Alabama Strategic Habitat Unit (SHU)

Science Center Objects

Alabama is host to a variety of freshwater species, many of which are critically imperiled. USGS and partners focus conservation activities in high priority watersheds throughout the state.

Fifty-one high priority watersheds known as Strategic Habitat Units (SHU) have been identified in Alabama

Fifty-one high priority watersheds known as Strategic Habitat Units (SHU) have been identified in Alabama

Science Issue and Relevance: Alabama is recognized for its freshwater biodiversity with more than 310 native fish, 180 mussel, 160 snail, and 85 crayfish species, many of which are critically imperiled. In an effort to conserve this unique fauna, preserve watershed health and biotic integrity, and improve water quality, the U.S. Fish and Wildlife Service (FWS), the Alabama Department of Conservation and Natural Resources (ADCNR), the Geological Survey of Alabama (GSA), and the Alabama Clean Water Partnership (CWP) have identified 51 high priority watersheds in Alabama known as Strategic Habitat Units (SHU) (Figure 1). SHUs focus conservation activities for more than 250 listed and at-risk fishes, mussels, snails, and crayfishes. The FWS and Alabama Department of Transportation (ALDOT) have different but related concerns and obligations resulting from the presence of these threatened and endangered species in their state waters, and have solicited data management and application development support from the USGS to help them address their issues.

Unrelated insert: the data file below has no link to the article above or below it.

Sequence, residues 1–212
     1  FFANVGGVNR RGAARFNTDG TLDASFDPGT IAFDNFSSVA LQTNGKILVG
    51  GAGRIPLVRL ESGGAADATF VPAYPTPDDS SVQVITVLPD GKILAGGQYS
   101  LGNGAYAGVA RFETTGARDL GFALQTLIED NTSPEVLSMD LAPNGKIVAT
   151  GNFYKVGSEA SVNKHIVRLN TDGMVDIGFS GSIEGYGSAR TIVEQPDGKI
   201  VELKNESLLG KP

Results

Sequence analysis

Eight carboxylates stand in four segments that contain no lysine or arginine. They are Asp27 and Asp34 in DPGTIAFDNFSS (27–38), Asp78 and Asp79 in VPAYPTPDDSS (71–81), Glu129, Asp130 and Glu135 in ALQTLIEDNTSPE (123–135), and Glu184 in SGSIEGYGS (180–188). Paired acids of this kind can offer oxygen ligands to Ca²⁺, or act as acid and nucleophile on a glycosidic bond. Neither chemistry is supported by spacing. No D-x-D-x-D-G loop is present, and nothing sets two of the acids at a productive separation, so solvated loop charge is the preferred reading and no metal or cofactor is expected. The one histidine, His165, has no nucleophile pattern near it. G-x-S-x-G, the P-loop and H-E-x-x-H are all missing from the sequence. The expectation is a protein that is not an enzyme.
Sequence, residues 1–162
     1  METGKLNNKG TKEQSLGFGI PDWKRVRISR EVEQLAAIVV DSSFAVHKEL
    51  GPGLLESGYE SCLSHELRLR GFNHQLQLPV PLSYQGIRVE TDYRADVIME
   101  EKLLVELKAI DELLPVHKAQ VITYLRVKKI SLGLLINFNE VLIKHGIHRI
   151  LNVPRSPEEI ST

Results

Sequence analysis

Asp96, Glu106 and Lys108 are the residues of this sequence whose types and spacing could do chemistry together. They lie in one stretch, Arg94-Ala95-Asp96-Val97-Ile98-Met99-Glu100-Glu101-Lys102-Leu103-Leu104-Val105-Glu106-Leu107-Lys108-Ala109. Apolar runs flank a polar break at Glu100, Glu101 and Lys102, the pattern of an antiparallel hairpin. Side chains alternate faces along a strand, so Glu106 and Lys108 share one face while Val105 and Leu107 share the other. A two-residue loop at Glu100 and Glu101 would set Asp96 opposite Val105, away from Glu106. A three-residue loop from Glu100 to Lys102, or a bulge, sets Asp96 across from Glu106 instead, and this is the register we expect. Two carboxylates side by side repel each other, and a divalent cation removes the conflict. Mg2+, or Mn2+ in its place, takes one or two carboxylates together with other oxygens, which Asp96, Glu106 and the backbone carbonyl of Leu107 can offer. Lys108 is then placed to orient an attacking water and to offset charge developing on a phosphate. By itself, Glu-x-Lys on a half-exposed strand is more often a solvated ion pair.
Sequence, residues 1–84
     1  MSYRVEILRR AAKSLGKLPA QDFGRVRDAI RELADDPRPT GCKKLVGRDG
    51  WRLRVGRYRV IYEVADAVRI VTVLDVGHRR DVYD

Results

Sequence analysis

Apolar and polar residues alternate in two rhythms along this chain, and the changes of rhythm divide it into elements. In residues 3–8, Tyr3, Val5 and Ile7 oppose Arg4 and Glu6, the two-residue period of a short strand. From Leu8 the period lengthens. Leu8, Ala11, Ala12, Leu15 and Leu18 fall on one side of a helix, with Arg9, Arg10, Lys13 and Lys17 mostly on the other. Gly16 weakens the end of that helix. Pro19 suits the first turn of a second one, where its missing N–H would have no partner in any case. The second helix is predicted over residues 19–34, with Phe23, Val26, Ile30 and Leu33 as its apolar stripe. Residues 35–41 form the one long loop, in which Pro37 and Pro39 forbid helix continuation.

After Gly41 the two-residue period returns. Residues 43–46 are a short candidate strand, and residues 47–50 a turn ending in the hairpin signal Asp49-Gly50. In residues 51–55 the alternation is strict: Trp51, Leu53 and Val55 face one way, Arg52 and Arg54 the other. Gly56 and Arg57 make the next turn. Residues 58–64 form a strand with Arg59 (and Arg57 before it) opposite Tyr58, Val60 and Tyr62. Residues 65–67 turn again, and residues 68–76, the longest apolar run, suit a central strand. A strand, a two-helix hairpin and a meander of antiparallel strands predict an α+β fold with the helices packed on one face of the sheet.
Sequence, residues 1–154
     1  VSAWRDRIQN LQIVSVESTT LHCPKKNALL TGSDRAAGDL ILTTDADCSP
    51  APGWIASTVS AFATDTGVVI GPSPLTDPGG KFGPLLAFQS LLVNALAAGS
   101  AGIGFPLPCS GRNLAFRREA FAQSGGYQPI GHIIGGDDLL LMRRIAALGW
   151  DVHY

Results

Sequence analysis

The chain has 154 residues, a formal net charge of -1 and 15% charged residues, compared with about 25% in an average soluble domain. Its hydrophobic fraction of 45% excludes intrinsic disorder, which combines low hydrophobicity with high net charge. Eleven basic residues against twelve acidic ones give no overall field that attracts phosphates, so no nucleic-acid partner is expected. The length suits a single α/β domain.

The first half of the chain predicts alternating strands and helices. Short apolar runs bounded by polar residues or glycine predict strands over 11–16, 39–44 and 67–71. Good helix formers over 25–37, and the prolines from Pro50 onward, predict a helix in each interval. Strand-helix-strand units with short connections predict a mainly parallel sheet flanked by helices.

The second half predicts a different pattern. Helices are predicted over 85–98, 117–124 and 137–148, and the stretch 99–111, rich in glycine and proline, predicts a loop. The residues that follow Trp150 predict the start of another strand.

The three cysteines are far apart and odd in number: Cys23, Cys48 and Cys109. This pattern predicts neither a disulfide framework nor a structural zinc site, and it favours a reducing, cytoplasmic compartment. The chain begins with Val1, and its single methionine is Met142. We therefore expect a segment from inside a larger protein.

Methodology for Addressing Issue: The goal of this project is to develop an online stream crossing database and web mapping application that can be used by multiple partners as well as providing ALDOT with a product that can assist their Maintenance and Environmental Divisions with prioritizing routine workloads related to sensitive FWS species locations. Currently, there is no common database shared among the partners, and this project aims to rectify that shortcoming with a shared application allowing the partners to enter, perform quality control, and consume the information in ways which bring efficiencies to their individual processes. The final product will also have the ability to calculate sediment risk index (SRI) and provide access to the fish Index of Biotic Integrity (IBI) generated at crossings.

Future Steps: The application and index calculations will be refined by working with subject matter experts from Alabama; the list of experts may possibly be extended to include experts in adjacent states with similar stream crossing assessment issues. Additional work will also be performed to extend the rating index to cover both paved and unpaved crossing.